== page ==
ANDY Burnham comes to Camden this week looking to emulate the Jeremy Corbyn’s queues-around-the-block gig a few weeks ago. He will be meeting supporters at an event at St Pancras Church, which is where his biggest local backer, Keir Starmer, was selected to stand for Parliament at the end of last year. Unfortunately for Burnham, despite the link with Holborn and St Pancras’s new MP, he has not made the same impact among the local membership.
When it came to branch nominations, he bombed in the first round in the south of Camden as Corbyn went on to with ease. In Hampstead and Kilburn, Yvette Cooper emerged as the choice to brake the Corbyn surge. What’s more, despite its large membership numbers, nobody from the Holborn and St Pancras branch was there to speak up for Burnham on his behalf at the nomination meeting. Instead, it was the Islington Council leader Richard Watts who nipped across the borough boundary to make the case for Burnham.
At first glance, this in itself might suggest to outsiders that Watts is not in tune with his local branch’s feeling: for in both halves of Islington members also nominated Corbyn for the leadership too. The Islington Council leader has sensibly not responded by being among those warning of an apocalypse if Corbyn wins. He has political reasons to support for Burnham, but maybe he has a more personal reason to support him too. For it was the shadow health secretary who can at least claim to have got things moving in getting the Hillsborough files, and the horrid secrets inside, a public view. And as a 14-year-old lad, Watts witnessed the football tragedy himself. As fan at the other end of the ground for the FA Cup semi-final and saw that day of death unfold in person.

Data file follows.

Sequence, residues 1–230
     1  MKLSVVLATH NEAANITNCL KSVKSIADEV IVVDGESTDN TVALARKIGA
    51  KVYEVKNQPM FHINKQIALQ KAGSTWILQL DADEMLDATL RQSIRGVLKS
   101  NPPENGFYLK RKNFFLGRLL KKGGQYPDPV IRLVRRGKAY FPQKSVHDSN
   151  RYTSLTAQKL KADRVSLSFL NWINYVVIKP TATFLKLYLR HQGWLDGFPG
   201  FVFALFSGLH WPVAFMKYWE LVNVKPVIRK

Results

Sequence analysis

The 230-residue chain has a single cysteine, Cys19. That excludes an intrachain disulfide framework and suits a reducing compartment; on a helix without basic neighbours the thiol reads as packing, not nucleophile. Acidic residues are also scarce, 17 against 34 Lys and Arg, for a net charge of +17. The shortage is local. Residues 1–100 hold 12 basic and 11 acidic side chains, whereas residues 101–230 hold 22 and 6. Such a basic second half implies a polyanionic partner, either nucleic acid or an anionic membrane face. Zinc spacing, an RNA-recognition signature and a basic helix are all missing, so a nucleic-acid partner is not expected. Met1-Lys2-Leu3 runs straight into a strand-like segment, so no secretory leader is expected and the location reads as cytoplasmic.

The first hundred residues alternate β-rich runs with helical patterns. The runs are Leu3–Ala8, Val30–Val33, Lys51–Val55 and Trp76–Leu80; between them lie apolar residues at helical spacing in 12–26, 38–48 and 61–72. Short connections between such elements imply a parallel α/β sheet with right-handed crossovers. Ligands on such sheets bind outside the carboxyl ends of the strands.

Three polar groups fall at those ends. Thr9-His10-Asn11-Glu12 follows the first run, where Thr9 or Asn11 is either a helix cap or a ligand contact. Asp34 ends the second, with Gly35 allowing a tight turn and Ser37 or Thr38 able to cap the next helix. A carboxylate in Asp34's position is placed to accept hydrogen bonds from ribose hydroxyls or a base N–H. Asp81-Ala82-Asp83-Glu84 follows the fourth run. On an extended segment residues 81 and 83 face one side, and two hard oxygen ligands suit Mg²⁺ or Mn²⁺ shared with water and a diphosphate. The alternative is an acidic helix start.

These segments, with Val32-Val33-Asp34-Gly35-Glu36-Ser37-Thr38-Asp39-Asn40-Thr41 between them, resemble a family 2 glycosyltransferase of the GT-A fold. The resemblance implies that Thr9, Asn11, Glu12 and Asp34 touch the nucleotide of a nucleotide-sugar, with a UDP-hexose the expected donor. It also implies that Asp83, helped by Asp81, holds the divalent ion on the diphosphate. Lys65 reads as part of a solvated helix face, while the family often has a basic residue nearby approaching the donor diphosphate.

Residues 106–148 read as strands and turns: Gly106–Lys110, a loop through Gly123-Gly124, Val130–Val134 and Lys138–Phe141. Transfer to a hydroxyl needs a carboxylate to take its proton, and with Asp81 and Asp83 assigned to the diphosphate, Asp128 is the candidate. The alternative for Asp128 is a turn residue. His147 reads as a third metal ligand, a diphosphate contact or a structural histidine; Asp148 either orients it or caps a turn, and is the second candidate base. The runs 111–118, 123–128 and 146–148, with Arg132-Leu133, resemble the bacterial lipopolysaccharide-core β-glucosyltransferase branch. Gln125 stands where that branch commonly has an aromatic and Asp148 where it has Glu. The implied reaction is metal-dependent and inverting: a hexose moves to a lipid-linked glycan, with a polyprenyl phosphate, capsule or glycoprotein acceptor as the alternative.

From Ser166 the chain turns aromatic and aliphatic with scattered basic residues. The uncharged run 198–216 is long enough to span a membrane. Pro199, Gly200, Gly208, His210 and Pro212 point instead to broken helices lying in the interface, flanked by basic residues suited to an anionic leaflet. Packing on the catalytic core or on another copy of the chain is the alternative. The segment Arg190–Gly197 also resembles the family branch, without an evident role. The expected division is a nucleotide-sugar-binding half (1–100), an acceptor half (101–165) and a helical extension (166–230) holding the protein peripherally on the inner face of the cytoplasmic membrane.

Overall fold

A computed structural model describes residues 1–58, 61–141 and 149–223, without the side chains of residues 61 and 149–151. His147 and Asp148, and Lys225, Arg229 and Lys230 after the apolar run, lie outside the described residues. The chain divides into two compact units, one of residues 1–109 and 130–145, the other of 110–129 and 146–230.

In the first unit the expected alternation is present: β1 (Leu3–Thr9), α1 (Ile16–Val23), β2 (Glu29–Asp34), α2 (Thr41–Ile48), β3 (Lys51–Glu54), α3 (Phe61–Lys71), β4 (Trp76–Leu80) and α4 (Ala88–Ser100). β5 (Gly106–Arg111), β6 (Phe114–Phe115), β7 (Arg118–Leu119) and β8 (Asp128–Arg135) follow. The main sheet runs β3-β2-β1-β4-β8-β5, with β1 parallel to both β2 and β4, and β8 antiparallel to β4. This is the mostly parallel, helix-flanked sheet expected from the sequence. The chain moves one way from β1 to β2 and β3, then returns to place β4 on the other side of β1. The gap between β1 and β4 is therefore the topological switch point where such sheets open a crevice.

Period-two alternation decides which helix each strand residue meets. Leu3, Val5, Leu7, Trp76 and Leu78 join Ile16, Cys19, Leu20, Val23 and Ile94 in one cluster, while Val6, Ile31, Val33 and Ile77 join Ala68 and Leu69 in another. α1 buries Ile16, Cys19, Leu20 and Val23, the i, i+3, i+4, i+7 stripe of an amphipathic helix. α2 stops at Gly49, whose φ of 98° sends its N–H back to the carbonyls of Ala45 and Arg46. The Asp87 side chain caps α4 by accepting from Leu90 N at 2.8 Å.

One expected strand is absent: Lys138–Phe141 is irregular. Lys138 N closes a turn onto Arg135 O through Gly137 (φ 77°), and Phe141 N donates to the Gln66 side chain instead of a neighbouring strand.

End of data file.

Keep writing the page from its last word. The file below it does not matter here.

“I saw fans die in front of me who were never seen by a paramedic and only received treatment from fellow supporters,” he later wrote in the Islington Tribune. “Ed Miliband is right to apologise for the time it took for Labour to open the files. Andy Burnham deserves immense credit for taking this step, but we should have done it in 1997 not in 2009. But, as well as now unstoppable calls for justice against those who took part in the conspiracy to blame fans for their own preventable deaths, perhaps we now have an opportunity to learn the real lessons for the future about how we can stop this kind of tragedy being repeated.”
Even as a leading Labour figure in the thick of Corbyn country, having the pain of 1989 etched on his mind he surely can be forgiven among his Corbynite Islington colleagues for being ready to tick the box for someone else, for the candidate who tried to shed new light on the scandal that had always lurked behind the trauma he witnessed as a teenager.